There are dozens of intermittent fasting success stories that come out of my office, month-after-month. But what really warms my heart is to see this incredible tool for your health making national headlines.
As I am known to do, I was perusing Apple News this morning and noticed a story about intermittent fasting. And that’s exactly what it is, a story of one man named Marwan Jamal.
The most interesting thing about this particular story is the level to which Mr. Jamal took his intermittent fasting.
First of all, he did 20 hours of fasting per day. That essentially means he only ate dinner. For reference, I usually recommend to my patients who are just getting started with intermittent fasting to do 16 hours per day of fasting, meaning they eat both lunch and dinner. So right out of the gate, Mr. Jamal is going the extra mile.
The other interesting facet of this story is that Mr. Jamal went 171 days IN A ROW. Again, for reference, I usually recommend to patients to take one day a week (usually a weekend) and eat three full meals and snacks. Of course, that doesn’t mean eat anything, but I don’t require them to fit their meals into a window of time. There is a reason for this. A body not used to fasting will see major dietary limitations as starvation and react by storing everything you eat as fat as a sort of emergency procedure. It helps to have a cheat day so your body doesn’t go into panic mode.
That being said, your body adapts pretty quickly, which is what it appeared to have done for Mr. Jamal because in that time, he lost 39 pounds. And due to an injury, the only form of exercise he was able to do was some light walking. So basically, no exercise, intermittent fasting and he lost quite a bit of weight.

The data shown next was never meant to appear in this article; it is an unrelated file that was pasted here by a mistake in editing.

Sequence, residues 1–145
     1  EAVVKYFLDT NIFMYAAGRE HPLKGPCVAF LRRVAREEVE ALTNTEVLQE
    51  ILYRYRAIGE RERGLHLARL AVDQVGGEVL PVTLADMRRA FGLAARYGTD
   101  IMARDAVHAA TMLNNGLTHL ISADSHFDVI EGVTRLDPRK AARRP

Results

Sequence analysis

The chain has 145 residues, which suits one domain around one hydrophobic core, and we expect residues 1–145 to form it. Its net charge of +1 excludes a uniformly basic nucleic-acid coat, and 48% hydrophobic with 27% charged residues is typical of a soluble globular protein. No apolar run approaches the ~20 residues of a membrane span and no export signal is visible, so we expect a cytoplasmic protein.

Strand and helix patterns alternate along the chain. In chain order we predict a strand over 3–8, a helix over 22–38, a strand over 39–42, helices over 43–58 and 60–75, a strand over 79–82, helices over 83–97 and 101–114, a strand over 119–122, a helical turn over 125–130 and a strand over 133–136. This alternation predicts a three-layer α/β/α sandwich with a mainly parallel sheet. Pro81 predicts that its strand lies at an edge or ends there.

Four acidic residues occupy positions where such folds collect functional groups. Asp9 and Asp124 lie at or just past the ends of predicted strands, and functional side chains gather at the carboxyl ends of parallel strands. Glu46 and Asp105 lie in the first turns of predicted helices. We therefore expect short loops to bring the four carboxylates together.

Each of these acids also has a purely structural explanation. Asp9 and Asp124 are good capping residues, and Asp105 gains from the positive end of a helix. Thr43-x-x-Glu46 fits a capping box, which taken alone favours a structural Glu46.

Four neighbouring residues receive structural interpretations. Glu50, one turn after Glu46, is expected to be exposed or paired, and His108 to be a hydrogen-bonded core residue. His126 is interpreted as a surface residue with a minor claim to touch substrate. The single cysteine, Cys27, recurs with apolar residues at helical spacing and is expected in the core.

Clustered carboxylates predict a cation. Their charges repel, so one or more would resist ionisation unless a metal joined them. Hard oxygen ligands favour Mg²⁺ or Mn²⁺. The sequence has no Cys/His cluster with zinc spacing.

Why am I telling this story?
Well, for one, I find it a nice intro into the benefits of intermittent fasting. But also, I like to have a reference point for people new to the practice. My intermittent fasting protocols have gotten patients amazing results, and they are even less “extreme” than what Mr. Jamal did. So basically, if he can do it, you can DEFINITELY do it.
The benefits of IF beyond weight loss
Intermittent fasting gives your body an incredible gift: time. During the time you don’t eat, your body has time to take care of all sorts of business.
When you eat, your body dedicates a lot of energy to digestion, nutrient allocation, energy storage and energy production. When you don’t eat, it has all sorts of time and energy to address healing.
Every time you eat, all sorts of things happen. Hormones spring into action, physiological processes grind into action, the cardiovascular system is flooded with (usually) sugar.
This is normal and great and what should happen unless you eat unhealthy food and eat too often. You body isn’t designed to be in a state of high blood sugar ALL DAY, EVERY DAY. Hormones get out of balance due to being in high demand at all times and eventually, your body–even at the cellular level–becomes deaf to hormonal signals. Cue insulin resistance, then diabetes. Or TSH resistance, then thyroid dysfunction. Or adrenal fatigue. Or the constant drip of cortisol and weight gain.
Add to that the problem of sleep in the modern world. Almost no one gets enough sleep these days. Then you’re constantly eating and your body has no time to heal. You start developing “modern” health conditions like high blood pressure, obesity, cardiovascular disease, diabetes, cancer, etc.
If you give your body TIME, hormones balance out, your body dedicates resources to healing rather than digesting, you start using stored energy reserves for energy rather than the constant supply of sugar that would otherwise be present. You lose weight, you feel lighter, more agile. You have more energy because ketones (the by-product of burning fat rather than sugar for energy) are a more efficient energy source than sugar. Your mind becomes sharper, your inflammation recedes. I’m not going to say it’s a health magic bullet, but it does an amazing amount of good.